Central New England & Western 2-8-0 "Consolidation" Locomotives of the USA


Class Details by Steve Llanso of Sweat House Media

Class 4 /F-1 (Locobase 11458)

Data from 1915 CNE locomotive diagram book supplied in May 2005 by Allen Stanley from his extensive Raildata collection. See also Baldwin Locomotive Works Specification for Engines as digitized by the DeGolyer Library of Southern Methodist University Vol 15, p. 34, Vol 16, p. 80 and 138 . Works numbers were 9860-9861, 9863 (road numbers 24-26) in March 1889, 10839 and 10843 in April 1890 (road# 29-30), 11217, 11214 in September (road# 27-28), 11476-11478 in December (road# 31-33).

With respect both to numbers and to specifications, these Consolidations fell right in the middle of the range of 2-8-0s that entered service in the US during the late 1880s.

5 was sold in 1915 to Azucar de Cuba. 27 was sold in September 1906 to the Spokane & Inland Empire as their 6. In 1920, the newly established Brownlee-Olds Lumber company, heirs to Medford, Ore's Pacific & Eastern, bought the 6.

28 went to the Hawthorne, Nebagamon & Superior, a logging road built in 1898, according to the Master List of Wisconsin Logging Railroads account of Douglas County roads (http://sassmaster.tripod.com/list.html, last accessed 6 February 2014). Frederick Weyerhaeuser, owner of Lake Nebagamon, didn't care to deal with the Duluth, South Shore, and Atlantic. The HN&S was substantial enough to handle DSS&A traffic when a key trestle on the latter's line burned in an arson fire. It had 33 1/2 miles of main line and many tram roads into the timber stands.

When the timber ran out in 1908, the HN&S was abandoned. The 5 was sold to the Mesabe Southern as their 4 and when that line was abandoned in 1913, the 4 moved to the Duluth & Northeastern, where it met its end in a wreck in 1924.

29 and 30 were sold to locomotive dealer Males in November 1902. That company sold the 29 to the New York & Pennsylvania in May 1903, where it served for almost 30 years. Males sold the 30 to the Detroit Southern, where it took #29, a new herald from successor Detroit, Toledo & Ironton in 1905, and ran until scrapped in 1921.

31 and 32 served the CNE for all of their careers. 32 was retired in December 1912 and 31 was withdrawn in October 1913..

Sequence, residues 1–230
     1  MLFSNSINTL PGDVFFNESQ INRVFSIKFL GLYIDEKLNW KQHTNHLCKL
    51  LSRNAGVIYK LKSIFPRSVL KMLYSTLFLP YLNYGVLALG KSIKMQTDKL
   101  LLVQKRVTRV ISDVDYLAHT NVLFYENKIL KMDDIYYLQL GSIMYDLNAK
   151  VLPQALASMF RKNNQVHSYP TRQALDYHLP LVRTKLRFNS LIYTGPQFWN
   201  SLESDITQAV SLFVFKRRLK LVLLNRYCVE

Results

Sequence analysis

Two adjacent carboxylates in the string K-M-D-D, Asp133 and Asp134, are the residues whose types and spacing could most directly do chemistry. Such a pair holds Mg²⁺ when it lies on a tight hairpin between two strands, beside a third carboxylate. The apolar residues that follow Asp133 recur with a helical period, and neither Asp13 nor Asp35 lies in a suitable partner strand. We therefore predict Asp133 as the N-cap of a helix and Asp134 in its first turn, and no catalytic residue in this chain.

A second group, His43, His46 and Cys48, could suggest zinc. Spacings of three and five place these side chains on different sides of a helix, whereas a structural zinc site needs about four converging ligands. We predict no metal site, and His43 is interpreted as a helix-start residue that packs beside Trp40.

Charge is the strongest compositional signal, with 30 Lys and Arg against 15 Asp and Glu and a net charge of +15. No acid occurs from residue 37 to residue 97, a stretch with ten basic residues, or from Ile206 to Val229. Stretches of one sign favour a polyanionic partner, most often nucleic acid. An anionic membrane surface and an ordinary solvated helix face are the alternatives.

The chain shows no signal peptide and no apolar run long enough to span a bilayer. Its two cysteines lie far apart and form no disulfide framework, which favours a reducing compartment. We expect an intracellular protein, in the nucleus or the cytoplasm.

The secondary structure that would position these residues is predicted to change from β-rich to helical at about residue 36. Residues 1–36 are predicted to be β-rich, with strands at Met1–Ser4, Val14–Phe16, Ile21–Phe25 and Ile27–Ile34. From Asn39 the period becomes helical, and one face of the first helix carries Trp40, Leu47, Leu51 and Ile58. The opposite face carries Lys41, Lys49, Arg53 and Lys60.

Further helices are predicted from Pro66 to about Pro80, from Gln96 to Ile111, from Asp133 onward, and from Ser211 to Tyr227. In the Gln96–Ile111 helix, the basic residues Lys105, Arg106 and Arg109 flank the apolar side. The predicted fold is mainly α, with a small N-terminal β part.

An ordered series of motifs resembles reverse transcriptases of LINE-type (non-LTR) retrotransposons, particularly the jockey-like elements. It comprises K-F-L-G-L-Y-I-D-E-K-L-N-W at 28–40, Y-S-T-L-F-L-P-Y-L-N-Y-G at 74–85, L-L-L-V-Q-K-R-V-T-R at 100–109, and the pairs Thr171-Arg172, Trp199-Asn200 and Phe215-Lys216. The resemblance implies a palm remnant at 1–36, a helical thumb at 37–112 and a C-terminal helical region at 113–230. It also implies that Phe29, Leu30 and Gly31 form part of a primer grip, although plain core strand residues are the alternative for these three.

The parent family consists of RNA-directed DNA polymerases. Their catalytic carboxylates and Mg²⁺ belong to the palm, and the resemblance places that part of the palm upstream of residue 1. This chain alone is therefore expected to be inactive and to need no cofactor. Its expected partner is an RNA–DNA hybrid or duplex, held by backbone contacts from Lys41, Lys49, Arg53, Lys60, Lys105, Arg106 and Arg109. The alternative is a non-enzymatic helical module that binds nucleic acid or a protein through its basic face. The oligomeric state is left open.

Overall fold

Like 29 and 30, 33 was sold in 1903, but went to Weed Lumber Company.

Specifications by Steve Llanso of Sweat House Media
Class4 /F-1
Locobase ID11,458
RailroadCentral New England & Western
CountryUSA
Whyte2-8-0
Number in Class10
Road Numbers24-33
GaugeStd
Number Built10
BuilderBurnham, Williams & Co
Year1889
Valve GearStephenson
Locomotive Length and Weight
Driver Wheelbase (ft)14.25
Engine Wheelbase (ft)21.92
Ratio of driving wheelbase to overall engine wheebase 0.65
Overall Wheelbase (engine & tender) (ft)47.42
Axle Loading (Maximum Weight per Axle) (lbs)
Weight on Drivers (lbs)103,000
Engine Weight (lbs)120,000
Tender Loaded Weight (lbs)68,800
Total Engine and Tender Weight (lbs)188,800
Tender Water Capacity (gals)4000
Tender Fuel Capacity (oil/coal) (gals/tons)8
Minimum weight of rail (calculated) (lb/yd)43
Geometry Relating to Tractive Effort
Driver Diameter (in)50
Boiler Pressure (psi)140
High Pressure Cylinders (dia x stroke) (in)20" x 24"
Tractive Effort (lbs)22,848
Factor of Adhesion (Weight on Drivers/Tractive Effort) 4.51
Heating Ability
Firebox Area (sq ft)146
Grate Area (sq ft)30.70
Evaporative Heating Surface (sq ft)1657
Superheating Surface (sq ft)
Combined Heating Surface (sq ft)1657
Evaporative Heating Surface/Cylinder Volume189.88
Computations Relating to Power Output (More Information)
Robert LeMassena's Power Computation4298
Same as above plus superheater percentage4298
Same as above but substitute firebox area for grate area20,440
Power L13191
Power MT273.20


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